[UPHPU] Vagrant (up or down)

Tod Hansmann uphpu.org at todandlorna.com
Mon Aug 18 17:17:30 MDT 2014


I'm using the term "production" here loosely, because we don't use docker
containers in production at work, and I don't do anything myself that could
be considered production.  So with that caveat, let's discuss.

Docker process is very flexible to be whatever you need it to be, so I can
only say how I use it, and how I think I'd like to use it, and they're
close enough right now I'll just give you one run-down:

- Setup a docker file for the thing I wish to have encapsulated (usually a
single web service or database container)
- Create an image out of that docker file (for versioning later) so I will
never have to again (we share images from a single server in-house, so
every dev gets these revisions if the 'system' needs to change).
- Dev in our local repo, don't bother launching docker until you're ready
for testing against things
- Spin up a set of docker containers for any testing to run against for the
larger app (obviously you run your unit tests on their units somewhat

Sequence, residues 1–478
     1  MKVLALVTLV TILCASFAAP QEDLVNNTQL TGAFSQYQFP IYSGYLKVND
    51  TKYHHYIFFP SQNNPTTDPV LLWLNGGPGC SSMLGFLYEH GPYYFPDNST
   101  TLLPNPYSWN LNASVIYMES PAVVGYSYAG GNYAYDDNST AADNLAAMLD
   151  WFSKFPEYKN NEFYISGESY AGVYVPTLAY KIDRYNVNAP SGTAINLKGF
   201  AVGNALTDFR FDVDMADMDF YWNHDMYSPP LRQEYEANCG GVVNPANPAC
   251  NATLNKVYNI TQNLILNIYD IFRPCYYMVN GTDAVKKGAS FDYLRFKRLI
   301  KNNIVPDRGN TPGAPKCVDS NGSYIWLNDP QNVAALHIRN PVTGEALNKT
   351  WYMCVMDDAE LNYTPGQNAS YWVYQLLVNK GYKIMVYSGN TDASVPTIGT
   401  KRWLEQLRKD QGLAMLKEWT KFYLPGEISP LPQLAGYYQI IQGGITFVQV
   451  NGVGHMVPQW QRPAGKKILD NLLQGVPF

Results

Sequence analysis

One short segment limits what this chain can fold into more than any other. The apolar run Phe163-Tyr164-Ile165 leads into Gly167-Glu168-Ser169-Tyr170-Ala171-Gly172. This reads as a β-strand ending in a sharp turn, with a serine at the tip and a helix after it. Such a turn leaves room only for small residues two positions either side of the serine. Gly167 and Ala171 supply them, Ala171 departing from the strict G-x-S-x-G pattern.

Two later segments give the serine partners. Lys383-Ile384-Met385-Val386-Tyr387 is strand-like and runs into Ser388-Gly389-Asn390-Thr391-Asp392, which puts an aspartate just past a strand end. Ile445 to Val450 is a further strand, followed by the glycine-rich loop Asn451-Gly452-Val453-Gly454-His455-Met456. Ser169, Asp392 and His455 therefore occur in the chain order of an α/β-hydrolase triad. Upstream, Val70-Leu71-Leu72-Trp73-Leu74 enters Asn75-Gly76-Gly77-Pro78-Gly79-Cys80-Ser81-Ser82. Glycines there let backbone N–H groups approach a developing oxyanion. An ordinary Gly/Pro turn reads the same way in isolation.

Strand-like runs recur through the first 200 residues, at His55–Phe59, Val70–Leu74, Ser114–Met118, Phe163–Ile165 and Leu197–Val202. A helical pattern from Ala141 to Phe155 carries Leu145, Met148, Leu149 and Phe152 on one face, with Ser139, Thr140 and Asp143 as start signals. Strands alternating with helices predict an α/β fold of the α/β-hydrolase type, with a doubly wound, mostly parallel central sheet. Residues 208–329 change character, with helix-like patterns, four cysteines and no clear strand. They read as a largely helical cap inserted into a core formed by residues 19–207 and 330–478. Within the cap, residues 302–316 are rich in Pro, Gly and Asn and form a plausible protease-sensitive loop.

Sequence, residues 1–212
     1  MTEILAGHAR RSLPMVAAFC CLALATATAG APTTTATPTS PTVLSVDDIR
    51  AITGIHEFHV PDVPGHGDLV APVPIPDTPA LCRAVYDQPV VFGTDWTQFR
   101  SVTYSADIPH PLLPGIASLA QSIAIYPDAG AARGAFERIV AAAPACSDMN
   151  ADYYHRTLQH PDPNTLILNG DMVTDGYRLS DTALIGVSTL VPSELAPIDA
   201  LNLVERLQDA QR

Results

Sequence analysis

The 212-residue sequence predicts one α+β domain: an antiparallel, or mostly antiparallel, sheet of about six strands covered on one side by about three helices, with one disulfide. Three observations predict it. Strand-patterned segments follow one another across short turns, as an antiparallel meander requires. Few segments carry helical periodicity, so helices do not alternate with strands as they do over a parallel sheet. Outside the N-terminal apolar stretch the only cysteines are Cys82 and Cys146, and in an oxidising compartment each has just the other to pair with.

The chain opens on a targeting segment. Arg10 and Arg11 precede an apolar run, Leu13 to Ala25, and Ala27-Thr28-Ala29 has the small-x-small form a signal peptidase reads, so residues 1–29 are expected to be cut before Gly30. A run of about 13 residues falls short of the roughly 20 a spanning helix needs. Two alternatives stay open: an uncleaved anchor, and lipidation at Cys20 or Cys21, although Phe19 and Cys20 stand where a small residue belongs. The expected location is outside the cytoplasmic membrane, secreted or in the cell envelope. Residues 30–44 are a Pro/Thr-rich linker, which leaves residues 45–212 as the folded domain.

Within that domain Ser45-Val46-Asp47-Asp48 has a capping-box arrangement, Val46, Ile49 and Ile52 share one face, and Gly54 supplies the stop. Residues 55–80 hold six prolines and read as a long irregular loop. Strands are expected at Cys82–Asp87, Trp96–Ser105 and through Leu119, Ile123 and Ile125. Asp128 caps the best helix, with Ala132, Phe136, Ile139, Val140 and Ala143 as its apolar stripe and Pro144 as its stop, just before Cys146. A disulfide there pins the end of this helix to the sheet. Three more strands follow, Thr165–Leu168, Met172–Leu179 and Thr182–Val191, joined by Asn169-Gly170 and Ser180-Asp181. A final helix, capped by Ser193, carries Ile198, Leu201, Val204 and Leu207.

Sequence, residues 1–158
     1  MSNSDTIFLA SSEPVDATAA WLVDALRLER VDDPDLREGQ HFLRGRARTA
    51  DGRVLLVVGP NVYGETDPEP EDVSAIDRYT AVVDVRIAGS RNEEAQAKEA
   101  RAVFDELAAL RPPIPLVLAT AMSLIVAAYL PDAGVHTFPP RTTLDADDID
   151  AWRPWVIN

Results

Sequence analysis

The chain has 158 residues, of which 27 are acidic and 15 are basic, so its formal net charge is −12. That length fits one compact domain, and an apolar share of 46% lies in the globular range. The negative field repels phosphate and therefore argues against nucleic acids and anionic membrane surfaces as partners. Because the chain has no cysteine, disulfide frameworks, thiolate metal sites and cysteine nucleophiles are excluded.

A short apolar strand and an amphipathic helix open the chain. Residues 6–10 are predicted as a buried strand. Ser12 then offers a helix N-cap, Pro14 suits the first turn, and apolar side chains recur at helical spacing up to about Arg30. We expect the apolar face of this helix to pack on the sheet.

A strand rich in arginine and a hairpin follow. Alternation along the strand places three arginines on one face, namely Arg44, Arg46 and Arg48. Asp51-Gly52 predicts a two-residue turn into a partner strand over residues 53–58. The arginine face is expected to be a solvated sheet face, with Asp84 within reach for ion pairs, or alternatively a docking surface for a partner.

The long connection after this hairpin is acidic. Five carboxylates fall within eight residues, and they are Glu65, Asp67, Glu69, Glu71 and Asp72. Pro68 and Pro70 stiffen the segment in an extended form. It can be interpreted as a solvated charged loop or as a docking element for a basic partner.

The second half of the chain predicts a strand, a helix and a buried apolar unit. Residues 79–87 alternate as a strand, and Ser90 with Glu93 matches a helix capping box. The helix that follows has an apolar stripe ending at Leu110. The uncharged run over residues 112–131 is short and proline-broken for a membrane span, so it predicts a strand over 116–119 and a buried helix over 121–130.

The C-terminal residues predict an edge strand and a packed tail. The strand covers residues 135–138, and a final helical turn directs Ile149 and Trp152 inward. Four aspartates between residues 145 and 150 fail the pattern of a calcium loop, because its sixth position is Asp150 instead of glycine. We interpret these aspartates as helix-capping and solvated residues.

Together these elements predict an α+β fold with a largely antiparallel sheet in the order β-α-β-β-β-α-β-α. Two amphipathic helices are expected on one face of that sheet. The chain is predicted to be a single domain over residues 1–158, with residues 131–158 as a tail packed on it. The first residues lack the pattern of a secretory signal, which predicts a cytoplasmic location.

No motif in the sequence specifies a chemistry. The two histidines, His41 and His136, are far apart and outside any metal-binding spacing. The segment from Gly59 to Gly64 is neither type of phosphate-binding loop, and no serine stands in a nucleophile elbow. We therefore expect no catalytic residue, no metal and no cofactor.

outside of these, but inside as well)
- Have jenkins or Travis do its own testing and packaging of docker images
- Deploy with a button!

That's the dream anyway.  I'm about half-way there with my own stuff, but
it's not very complex.  Some of the things we've worked on are more modular
and have a dozen repos pulled into a single web app, and supporting
databas(es) in a separate container.  You can separate things further and
have an nginx frontend divvy out things or what have you, and that can be
in its own container or just sitting there, and then you just spin up more
and more containers for scaling if needs be.  Need more database nodes in
your cluster?  Well, dockerize it and deploy it across a dozen environments
if you want, it doesn't matter, or you can just use Amazon instances, or
just hardware, or VPSes, etc.

The point of docker is less about workflow and more about isolating
environments, so again, my thing is going to be my thing, but it shouldn't
dictate yours.  The goal is that you will only have to figure out the
environment stuff once, and ship that as a whole.  This fits with the
virtualbox methods but is more flexible in how you isolate things and much
more flexible with deployment options in mind.

Your mileage may vary.  Void where prohibited.  Etc.


On Mon, Aug 18, 2014 at 3:39 PM, Richard K Miller <richardkmiller at gmail.com>
wrote: